To begin with, the binary understanding of gender and bodies often disregards the autonomy and dignity of individuals whose body is outside binary sexes — intersex persons — and individuals who identify with a gender beyond the binary — transgender+ persons. This conflation of understanding bodies has been observed even in the census of 2011 that for the first time attempted to enumerate transgender persons under the Others gender category. Although the thought behind this effort is commendable, the effectiveness of the exercise is questionable. My research shows that the census and its enumerators did not have a clear understanding about the distinction between sex and gender or the persons to be enumerated under the Others category. Neither was there any clarity in the understanding about transgender and intersex identities. Apart from the erroneous data, which has impacted the rights access of transgender persons, the census has also contributed to the silent erasure of intersex persons. It was only in 2014 that the Supreme Court of India recognised the right of every individual to self-identify their gender as male, female or transgender in the NALSA Vs Union of India verdict while in 2018, the court decriminalised homosexuality by reading down Section 377 in the Indian Penal Code — two steps forward. Subsequently, the Transgender Persons (Protection of Rights) Act was passed in 2019. However, as mentioned earlier, the demand for a medical certificate to prove one’s gender impacts an individual's agency and autonomy in self-identifying their gender. Further, although the new law mentions intersex in its definition — two steps forward, the law includes it in the definition of transgender and also has no specific provisions to address the challenges faced by intersex persons, leading to further erasure of their rights — ten steps backward! 

The state’s moralistic gaze has never spared those beyond the confines of its heteronormative social framework, not just in understanding our bodies and gender but the state also historically determined the sexuality of our bodies. Section 377 of the Indian Penal Code criminalised any ‘carnal intercourse against the order of nature with any man, woman or animal’. It criminalised homosexuality, any sexual activity other than peno-vaginal intercourse. Although the law included woman or animal, by using the word ‘intercourse,’ the imagination of this legal framing limited the understanding of homosexuality to penetrative sex between two individuals with a penis (mostly understood to be a cis man) and sodomy. This limited understanding left no room for sexual experiences taking into account the individual agency of every person in understanding and experiencing their bodies or pleasure. British colonial law considered cis women to be the property of cis men, either by birth (father) or marriage (husband). This British law suited Indian cultural framework in another era! The deviance of a cis man by having sex with another cis man then lowered his stature to that of a cis woman and this deserved punishment! Patriarchy is no friend of cis men either. Two steps forward: The Supreme Court of India decriminalised homosexuality in 2018 and ten steps backward: The discrimination continues. In June 2021, a verdict by  Justice Anand Venkatesh of the Madras High Court detailed out guidelines to address the continued discriminations against the LGBTIQA+ community including removal of the medicalised heteronormative gaze in textbooks for students of medicine — two steps forward again.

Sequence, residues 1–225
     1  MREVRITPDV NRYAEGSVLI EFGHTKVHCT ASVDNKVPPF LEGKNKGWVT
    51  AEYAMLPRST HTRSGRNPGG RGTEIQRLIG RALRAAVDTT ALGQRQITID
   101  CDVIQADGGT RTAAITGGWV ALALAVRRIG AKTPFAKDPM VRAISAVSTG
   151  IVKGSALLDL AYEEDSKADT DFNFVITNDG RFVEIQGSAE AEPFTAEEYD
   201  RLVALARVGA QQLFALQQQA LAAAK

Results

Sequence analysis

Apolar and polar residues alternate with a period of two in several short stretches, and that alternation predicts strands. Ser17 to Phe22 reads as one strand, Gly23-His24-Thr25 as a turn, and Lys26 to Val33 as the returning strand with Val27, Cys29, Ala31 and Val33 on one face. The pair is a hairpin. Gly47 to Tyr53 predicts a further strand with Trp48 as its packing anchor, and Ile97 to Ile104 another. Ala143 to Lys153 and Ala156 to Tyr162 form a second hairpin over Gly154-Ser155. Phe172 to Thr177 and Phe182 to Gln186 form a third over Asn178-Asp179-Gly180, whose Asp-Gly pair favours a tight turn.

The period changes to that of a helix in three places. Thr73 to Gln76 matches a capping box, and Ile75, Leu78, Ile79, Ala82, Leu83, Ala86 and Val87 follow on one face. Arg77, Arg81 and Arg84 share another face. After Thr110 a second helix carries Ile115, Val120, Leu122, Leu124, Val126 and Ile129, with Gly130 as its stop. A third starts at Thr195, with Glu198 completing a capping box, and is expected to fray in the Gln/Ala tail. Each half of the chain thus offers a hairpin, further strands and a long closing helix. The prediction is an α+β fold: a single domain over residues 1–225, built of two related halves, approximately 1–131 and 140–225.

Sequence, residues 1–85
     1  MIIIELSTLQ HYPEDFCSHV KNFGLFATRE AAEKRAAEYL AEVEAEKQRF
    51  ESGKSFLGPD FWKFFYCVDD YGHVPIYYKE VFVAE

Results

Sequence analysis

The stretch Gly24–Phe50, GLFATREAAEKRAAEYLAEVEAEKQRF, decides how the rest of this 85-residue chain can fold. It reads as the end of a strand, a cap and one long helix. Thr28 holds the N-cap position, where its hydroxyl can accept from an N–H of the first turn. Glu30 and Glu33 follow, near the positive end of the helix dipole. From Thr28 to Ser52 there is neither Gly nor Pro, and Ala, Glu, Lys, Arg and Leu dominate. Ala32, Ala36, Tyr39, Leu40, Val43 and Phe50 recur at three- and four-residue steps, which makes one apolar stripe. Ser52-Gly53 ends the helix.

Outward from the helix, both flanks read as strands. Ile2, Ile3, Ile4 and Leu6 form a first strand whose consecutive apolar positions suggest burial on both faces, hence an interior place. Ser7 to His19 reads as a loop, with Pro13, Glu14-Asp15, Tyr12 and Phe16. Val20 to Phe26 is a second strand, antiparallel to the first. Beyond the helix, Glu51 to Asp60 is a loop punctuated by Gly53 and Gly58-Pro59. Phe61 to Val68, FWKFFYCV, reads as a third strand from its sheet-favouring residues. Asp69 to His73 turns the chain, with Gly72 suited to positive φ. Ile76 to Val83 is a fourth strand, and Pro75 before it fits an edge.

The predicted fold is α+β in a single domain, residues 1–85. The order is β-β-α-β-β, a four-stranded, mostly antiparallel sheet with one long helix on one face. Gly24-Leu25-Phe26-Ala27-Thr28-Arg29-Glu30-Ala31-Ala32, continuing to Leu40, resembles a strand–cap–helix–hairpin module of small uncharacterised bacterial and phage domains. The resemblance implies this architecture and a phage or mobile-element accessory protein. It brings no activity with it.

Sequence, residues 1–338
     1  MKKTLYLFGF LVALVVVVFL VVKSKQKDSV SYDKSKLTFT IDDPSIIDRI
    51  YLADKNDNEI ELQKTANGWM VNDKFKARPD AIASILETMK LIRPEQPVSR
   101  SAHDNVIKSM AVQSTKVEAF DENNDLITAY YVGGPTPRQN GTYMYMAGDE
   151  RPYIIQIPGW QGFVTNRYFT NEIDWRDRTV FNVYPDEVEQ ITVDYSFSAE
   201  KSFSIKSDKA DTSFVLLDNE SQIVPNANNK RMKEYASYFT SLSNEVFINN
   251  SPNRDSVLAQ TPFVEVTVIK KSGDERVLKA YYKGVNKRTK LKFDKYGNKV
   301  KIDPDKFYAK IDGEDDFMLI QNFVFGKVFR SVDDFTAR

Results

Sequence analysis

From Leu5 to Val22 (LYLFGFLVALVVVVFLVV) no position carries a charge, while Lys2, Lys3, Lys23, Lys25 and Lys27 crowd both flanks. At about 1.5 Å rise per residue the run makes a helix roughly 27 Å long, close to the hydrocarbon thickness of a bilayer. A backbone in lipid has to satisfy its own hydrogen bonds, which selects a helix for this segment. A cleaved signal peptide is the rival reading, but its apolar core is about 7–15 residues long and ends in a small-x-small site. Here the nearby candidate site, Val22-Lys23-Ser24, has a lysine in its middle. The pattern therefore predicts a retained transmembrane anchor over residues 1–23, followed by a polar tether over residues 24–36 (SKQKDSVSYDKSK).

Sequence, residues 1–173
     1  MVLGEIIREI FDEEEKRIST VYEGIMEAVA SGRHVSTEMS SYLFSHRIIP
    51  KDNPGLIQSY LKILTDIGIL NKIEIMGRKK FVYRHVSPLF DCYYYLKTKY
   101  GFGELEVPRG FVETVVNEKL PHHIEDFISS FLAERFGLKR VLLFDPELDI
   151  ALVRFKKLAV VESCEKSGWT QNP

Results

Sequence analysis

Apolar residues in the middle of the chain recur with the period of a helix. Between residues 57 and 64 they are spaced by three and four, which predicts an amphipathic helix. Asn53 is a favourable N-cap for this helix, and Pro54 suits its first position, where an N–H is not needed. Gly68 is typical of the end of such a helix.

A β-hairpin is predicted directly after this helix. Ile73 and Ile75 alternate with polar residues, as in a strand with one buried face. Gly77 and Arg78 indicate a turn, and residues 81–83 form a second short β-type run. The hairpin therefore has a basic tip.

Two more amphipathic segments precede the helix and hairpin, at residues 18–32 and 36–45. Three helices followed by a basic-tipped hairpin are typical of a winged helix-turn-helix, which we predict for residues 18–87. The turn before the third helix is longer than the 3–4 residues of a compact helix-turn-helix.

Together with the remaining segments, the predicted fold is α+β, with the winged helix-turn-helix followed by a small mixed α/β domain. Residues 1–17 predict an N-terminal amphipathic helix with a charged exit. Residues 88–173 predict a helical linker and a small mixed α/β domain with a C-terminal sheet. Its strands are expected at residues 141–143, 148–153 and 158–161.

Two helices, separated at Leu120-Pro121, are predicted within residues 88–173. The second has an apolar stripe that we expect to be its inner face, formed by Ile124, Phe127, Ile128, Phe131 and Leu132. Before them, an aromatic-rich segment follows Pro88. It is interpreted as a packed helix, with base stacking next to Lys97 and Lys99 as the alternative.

Replication of offline experiences in the digital world